Understanding and Responding to Gangs in the Caribbean

Project Dates: 
2005-present

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Since 2004, the Center has been deeply invested in diagnosing gang problems in the Caribbean as well as understanding the capacity of Caribbean governments to respond to gangs. Funding for the Center’s work has been funded by several organizations in the projects described below.

Reducing Violent Crime in Trinidad and Tobago. Over six years (2004-2010) the Center was engaged in a collaborative partnership with several universities for the purpose of reducing violent crime in Trinidad and Tobago, particularly homicides and assaults with firearms. The project was based on two primary strategies: using information and analysis to craft targeted interventions designed to reduce violence; and adopting collaborative approaches involving police, other government agencies, private, nonprofit, and faith-based organizations, and communities. The CVPCS role in the project was to diagnose the nation’s gang problem and work with the Ministry of National Security to implement organizational change in the Trinidad and Tobago Police Services (TTPS). Funding for the project was provided by the Ministry of National Security in the Republic of Trinidad and Tobago through George Mason University.

Provision of Technical Assistance to the Organization of American States (OAS). From 2006 through present, the Center for Violence Prevention and Community Safety has provided technical support to the Organization of American States. These forms of assistance have varied from dissemination of information to diagnosing Caribbean gang problems.  For example, on behalf of the OAS the Center conducted a rapid gang assessment in Antigua and Barbuda to assist the nation in understanding their gang problem.

Inter-University Consortium for the Study Caribbean Gang Violence. ASU’s CVPCS, the University of the West Indies-Mona Campus, American University, and Sam Houston State University have signed a Memorandum of Understanding to establish the Inter-University Consortium for the Study of Caribbean Gang Violence. The purpose of the Consortium is to conduct rigorous research to understand the root causes of gangs and gang violence in the Caribbean.  The Consortium holds an annual symposium to disseminate research findings.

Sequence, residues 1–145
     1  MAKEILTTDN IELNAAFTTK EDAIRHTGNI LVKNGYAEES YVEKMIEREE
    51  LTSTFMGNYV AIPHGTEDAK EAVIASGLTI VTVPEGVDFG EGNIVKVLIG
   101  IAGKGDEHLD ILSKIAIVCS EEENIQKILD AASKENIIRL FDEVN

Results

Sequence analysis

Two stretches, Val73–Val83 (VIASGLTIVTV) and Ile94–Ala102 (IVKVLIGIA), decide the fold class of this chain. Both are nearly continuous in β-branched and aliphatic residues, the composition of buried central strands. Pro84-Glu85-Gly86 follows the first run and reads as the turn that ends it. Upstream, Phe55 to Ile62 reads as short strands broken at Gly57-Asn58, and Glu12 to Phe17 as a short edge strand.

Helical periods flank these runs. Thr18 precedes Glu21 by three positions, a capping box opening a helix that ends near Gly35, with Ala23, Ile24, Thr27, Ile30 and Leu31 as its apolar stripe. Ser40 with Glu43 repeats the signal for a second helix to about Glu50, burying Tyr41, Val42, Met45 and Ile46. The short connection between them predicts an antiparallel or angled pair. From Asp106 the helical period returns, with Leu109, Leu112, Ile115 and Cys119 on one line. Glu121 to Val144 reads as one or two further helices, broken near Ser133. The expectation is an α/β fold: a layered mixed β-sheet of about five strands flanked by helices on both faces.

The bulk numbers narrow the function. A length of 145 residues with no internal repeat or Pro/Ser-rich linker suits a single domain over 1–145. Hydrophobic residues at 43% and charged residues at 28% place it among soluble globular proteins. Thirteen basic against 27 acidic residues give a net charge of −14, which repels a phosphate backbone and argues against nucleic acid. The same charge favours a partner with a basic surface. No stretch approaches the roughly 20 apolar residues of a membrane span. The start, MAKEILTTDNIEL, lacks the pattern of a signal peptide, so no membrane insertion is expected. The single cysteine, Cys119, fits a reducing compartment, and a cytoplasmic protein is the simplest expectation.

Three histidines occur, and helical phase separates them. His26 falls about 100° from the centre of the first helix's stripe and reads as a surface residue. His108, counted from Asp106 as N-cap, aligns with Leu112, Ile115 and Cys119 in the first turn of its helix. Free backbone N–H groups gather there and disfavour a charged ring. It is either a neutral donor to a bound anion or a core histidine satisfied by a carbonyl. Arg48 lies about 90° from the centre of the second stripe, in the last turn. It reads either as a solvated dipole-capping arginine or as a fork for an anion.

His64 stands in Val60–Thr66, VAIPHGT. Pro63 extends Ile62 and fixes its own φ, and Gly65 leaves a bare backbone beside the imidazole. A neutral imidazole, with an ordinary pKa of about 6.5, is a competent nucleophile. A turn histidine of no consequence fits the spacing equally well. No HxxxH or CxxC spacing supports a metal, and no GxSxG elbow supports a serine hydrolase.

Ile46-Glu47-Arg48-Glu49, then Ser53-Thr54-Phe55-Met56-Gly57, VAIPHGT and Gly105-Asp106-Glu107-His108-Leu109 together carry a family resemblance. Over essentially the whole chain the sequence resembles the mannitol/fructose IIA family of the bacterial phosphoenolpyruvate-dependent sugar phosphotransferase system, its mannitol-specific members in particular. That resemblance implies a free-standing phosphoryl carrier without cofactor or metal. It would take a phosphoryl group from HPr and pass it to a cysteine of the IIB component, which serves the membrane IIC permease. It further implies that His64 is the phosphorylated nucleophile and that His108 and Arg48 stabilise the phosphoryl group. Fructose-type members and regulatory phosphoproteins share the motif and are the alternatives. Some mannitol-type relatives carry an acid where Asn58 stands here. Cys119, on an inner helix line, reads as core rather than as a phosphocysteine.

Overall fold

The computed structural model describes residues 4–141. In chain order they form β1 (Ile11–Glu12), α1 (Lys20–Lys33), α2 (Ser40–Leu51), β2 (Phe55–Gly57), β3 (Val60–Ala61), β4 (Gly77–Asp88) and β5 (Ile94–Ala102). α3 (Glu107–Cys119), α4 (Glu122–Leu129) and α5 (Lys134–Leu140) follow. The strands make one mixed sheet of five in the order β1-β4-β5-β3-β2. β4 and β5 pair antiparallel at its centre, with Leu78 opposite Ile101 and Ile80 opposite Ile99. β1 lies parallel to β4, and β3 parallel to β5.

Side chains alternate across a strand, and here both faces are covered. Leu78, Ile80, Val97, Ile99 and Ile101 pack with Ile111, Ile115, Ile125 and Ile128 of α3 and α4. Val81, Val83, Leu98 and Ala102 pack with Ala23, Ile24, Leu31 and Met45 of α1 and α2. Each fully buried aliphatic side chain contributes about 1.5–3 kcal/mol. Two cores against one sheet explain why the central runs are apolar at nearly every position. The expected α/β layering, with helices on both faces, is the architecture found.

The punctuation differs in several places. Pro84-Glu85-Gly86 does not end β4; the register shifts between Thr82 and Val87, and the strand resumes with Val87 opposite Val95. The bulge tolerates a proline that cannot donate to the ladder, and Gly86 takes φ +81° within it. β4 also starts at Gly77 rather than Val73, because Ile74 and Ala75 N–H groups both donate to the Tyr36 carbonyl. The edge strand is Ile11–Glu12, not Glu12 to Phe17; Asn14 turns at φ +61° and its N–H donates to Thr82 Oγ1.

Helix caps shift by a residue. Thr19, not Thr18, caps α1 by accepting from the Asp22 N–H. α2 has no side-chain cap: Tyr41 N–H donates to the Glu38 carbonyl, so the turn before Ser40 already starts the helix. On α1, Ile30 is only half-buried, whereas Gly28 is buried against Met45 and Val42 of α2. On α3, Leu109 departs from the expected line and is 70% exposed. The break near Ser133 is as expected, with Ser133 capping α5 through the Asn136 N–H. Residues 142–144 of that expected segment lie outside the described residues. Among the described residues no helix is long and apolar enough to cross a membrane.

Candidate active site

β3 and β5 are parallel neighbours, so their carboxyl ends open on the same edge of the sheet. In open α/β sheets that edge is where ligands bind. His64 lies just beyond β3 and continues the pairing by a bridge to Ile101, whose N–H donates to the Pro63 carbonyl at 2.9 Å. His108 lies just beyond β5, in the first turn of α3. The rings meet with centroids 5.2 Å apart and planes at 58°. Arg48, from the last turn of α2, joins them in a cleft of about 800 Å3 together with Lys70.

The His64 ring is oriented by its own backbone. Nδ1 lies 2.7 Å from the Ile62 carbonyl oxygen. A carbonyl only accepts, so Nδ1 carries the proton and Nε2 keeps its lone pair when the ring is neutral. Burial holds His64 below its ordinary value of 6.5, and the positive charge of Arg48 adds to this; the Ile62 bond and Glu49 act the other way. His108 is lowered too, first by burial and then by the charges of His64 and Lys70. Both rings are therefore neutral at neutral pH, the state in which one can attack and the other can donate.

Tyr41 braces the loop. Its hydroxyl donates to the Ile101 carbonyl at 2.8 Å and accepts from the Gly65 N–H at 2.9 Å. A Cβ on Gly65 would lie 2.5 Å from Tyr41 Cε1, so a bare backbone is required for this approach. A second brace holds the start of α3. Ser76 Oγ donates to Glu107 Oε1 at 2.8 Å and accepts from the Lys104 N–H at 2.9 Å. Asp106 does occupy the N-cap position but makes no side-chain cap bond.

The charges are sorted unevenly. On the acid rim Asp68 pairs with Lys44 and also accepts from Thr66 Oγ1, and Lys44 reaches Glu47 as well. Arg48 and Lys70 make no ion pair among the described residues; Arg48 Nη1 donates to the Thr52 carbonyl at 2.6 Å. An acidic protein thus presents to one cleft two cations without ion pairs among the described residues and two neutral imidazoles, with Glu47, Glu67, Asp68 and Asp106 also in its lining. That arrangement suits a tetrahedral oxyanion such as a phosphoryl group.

Provision of Technical Assistance to the Regional Security System (RSS).  The research project is a collaborative effort between Arizona State University’s Center for Violence Prevention and Community Safety and the Regional Security System (RSS). The Regional Security System (RSS) serves as the common defense system for seven Eastern Caribbean nations.  The project focuses on understanding the problem of criminal youth groups (CYG) in seven Caribbean nations.  It seeks to provide further information on the number of CYG’s, CYG members, and CYG crimes to: 1) accurately gauge the scope and nature of CYG problems (locally and regionally), 2) prioritize security concerns relative to CYG's, and 3) assess local and regional CYG trends for the purpose planning and resource allocation.

Caribbean Human Development Report on Citizen Security.  The United Nations Development Program (UNDP) sought to examine insecurity and violence among Small Island Developing States (SIDS) in the Caribbean. Through the report on Caribbean citizen security the UNDP will provide recommendations to nations on how to address crime and violence by nation and within the region.  The projects principal investigator and the lead author of the report is Anthony Harriott of the Institute of Criminal Justice and Security at University of the West Indies Mona Campus.  The Center for Violence Prevention and Community Safety was responsible for leading Chapter 3 of the report on gangs and organized crime in the Caribbean. 

Trinidad and Tobago Violence Prevention Academy (TTVPA). The TTVPA was designed to train school-based personnel to develop comprehensive, integrated and evidence-based violence prevention plans tailored to the specific needs in 25 participating schools. Using a combination of face-to-face and online learning, the training program was designed to enhance the skills of school violence prevention specialists and the capacity of the schools where they worked to implement and sustain successful violence prevention programs.   The Academy was designed to serve the needs of the working professional.  The Academy was structured into four specific components including:  1) a training program, 2) the development of a school-based violence prevention plan, 3) implementation of each schools violence prevention plan, and 4) evaluation of the implementation of each schools project.

Research Staff

Charles M. Katz, Ph.D.

Andrew Fox, M.S.

Lidia E.Nuño, M.S.

David Choate, M.A.